By Nate Rohr
Big 12 Campus Correspondent
He came to Nebraska an unknown, a walk-on from Blacksburg, Va., following his father, a professor, to Lincoln.
But as senior-guard Paul Velander nears the end of his Huskers basketball career, he has carved out a niche for himself not only as the nation’s top 3-pointer shooter, hitting 50 percent of his shots from behind the arc, but also as a force defensively taking 14 charges this season.
“Paul is as valuable as anyone we have on our team,” Nebraska third-year head coach Doc Sadler said. “He’s done a very nice job.”
Velander came to Nebraska after his father, William, accepted a position as a professor in the chemical and bimolecular engineering department after working at Virginia Tech. Paul said his father’s position as a university professor was an advantage to him.
“I can’t speak for all kids whose parents are professors, but in my case, it was a blessing that I had access to the university, to sit in my dad’s office and being able to go the university and shoot hoops with him there,” Velander said. “It also built in me a great respect for hard work and education.”
Velander has been named a first-team Academic All-Big 12 selection the last two years. Considering his family background, the academic success is not that surprising. His basketball career is.
“When I first came here, I had a lot of confidence to play right away just because of the opportunities I had to play in AAU games in Virginia against a lot of great competition,” Velander said. “I had played against guys who were projected to be really good college players. It’s just a matter of working hard and I figured it would happen.”
Though Velander’s confidence was eventually rewarded, he redshirted his first year. His second season he suffered an ankle injury that required surgery and kept him out of all but two games.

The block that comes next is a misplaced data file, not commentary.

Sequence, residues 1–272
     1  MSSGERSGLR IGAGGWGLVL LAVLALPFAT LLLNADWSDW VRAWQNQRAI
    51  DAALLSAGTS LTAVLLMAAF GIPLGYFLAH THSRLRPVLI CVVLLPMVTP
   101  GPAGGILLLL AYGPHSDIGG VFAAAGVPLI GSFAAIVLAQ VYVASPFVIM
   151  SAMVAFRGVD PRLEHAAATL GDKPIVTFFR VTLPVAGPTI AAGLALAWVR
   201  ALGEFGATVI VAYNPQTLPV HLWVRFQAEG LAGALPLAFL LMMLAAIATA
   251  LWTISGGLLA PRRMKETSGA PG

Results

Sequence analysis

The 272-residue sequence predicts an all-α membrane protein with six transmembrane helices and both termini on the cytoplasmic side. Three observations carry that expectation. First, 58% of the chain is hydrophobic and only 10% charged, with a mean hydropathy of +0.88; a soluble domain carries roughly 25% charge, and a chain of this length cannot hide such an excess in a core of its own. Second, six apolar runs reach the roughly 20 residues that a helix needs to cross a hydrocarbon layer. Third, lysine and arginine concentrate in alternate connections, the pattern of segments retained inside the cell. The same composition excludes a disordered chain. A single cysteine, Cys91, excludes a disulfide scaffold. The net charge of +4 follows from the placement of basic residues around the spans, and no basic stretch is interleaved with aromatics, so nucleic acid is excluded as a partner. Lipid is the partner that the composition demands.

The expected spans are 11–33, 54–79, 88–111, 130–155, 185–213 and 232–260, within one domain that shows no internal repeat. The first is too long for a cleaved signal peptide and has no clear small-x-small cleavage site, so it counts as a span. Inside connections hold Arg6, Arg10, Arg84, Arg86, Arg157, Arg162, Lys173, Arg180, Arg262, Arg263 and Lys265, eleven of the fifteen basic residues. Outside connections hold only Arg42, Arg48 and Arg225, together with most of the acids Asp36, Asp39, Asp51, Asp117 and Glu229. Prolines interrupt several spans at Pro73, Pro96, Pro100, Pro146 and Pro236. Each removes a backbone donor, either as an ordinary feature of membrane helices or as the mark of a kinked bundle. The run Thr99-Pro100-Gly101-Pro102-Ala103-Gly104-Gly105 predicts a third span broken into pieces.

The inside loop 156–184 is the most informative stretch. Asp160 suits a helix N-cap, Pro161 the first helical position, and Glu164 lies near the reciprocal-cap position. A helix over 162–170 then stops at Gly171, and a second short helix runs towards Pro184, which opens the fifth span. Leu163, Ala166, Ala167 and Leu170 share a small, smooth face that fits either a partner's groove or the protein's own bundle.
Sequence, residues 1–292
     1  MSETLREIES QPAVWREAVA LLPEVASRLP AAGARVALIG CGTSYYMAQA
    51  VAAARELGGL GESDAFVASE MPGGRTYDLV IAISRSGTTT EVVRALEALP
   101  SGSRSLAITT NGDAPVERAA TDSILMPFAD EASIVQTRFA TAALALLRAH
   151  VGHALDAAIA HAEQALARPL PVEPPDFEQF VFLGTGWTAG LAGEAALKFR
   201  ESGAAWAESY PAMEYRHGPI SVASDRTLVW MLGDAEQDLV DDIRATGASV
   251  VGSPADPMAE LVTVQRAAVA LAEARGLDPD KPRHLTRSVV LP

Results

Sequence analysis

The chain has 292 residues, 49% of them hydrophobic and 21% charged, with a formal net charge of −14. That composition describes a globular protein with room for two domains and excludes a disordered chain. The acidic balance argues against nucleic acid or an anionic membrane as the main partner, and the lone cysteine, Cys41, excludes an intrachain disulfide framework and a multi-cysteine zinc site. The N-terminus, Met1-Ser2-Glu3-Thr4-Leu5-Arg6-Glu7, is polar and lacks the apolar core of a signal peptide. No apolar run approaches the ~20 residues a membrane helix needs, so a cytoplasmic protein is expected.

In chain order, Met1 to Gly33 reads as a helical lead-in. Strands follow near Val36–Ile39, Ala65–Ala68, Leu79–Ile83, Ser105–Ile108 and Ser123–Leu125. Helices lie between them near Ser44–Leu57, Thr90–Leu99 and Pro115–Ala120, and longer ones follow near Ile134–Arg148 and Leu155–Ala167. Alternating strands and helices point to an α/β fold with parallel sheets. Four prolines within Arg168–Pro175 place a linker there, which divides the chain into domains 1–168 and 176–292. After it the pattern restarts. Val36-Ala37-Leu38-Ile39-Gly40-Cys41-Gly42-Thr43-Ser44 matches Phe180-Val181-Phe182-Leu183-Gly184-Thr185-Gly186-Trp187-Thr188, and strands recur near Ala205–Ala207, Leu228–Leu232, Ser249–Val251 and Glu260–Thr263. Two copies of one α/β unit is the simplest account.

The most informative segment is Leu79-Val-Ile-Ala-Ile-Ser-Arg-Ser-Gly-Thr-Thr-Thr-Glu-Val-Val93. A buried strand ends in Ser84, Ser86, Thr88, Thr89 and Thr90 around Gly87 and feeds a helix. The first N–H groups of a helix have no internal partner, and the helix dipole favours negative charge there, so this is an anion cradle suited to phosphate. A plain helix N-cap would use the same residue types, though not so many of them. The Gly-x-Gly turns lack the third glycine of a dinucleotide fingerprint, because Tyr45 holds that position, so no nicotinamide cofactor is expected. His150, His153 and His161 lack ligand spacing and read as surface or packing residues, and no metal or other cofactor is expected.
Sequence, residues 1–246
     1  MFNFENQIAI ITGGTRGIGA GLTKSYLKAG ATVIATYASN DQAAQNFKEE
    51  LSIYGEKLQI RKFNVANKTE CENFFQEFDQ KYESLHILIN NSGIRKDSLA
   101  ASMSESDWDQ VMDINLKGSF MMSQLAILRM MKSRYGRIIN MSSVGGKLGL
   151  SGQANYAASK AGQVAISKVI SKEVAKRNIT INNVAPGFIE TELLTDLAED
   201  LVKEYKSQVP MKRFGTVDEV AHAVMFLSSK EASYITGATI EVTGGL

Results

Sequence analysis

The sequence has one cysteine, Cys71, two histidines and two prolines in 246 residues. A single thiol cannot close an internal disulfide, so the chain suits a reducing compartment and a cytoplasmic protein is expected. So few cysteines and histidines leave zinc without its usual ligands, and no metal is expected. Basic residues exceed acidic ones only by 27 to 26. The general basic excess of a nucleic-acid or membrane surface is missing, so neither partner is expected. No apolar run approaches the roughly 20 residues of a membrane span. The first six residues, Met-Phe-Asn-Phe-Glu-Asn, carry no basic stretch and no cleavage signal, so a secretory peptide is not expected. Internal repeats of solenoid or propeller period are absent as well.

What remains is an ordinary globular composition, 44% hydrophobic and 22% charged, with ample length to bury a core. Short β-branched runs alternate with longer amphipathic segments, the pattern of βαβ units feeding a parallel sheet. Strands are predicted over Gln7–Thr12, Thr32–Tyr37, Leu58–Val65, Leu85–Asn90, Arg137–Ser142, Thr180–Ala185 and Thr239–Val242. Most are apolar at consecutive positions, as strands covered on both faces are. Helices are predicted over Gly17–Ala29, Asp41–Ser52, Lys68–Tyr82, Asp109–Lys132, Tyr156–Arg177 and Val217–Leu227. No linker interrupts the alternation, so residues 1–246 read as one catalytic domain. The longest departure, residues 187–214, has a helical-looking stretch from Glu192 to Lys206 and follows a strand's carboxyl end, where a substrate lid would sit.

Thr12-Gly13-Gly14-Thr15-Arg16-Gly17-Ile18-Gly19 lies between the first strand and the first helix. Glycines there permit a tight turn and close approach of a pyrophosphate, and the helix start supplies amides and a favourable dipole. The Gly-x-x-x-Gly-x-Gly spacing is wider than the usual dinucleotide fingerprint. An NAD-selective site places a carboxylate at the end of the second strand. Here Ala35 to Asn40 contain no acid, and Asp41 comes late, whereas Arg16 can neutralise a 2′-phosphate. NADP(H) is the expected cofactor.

Before his sophomore season, Nebraska coach Barry Collier left to become the athletic director at Butler and was replaced by Sadler. It didn’t take long for him to catch Sadler’s eye.
“I didn’t know a lot about him,” Sadler said. “After being with him for two or three days, I saw he could really shoot the basketball. I was excited he was on our team.”
Velander’s emergence was slowed by lingering injuries to his shoulder and ankle. Yet, in his junior season he played 15 minutes a game and averaged 4.3 points per contest, knocking down 38 percent of his 3-pointers.
He finished the year with a flourish, hitting 15-of-40 from beyond the arc. One key to Velander’s progression was a more narrow focus on his role.
“When I first came here, I ran point guard when I was a redshirt freshman,” Velander said. “My game has been a lot more focused on my jump shots and playing hard on defense. Each of us has defined roles. When I first came here, it wasn’t that way. With Doc, I’ve really found a niche.”
Velander continued to grow in that niche, averaging 4.1 points per game while hitting 38 percent of his 3-pointers. He finished the year 18-for-42 from the field while averaging nearly eight points per contest in the final eight games of the season as the Huskers advanced to the second round of the NIT.
He has continued to improve into his senior season, averaging 9.3 points per game (third on the team) off the bench. Velander averages 25 minutes per game and has continued to be one of the team's most reliable and accurate shooters.
“You just shoot,” Velander said. “It’s a confidence thing, taking good shots and not taking bad shots, and competing on every shot you take.”
While Velander has always been a threat as a top shooter, he has added value to his game as a formidable defensive force. Leading the squad in charges this season (14), Coach Sadler sees that ability as natural.
“That’s just an ability (taking charges) that people have,” Sadler said of Velander's defensive ability. “I don’t know that you can teach those types of things. He just puts himself in position and he’s not afraid of contact at all.”
Velander attributes his defensive acumen to playing to his strengths.
“It has a little bit to do with, athletically, I’m not going to block a shot,” he said. “My initial thinking is, ‘How can I beat the guy to the spot’, instead of anticipating blocking (the shot). It’s playing to my strength a little more, whereas someone like Toney (McCray) has a lot easier time blocking a shot.”
As his final season winds down, Velander hopes to become only the eighth three-time Academic All-Big 12 performer in men's basketball. By rising from the bench to become a key contributor for the Huskers both on and off the court, Velander has already accomplished a great deal at Nebraska.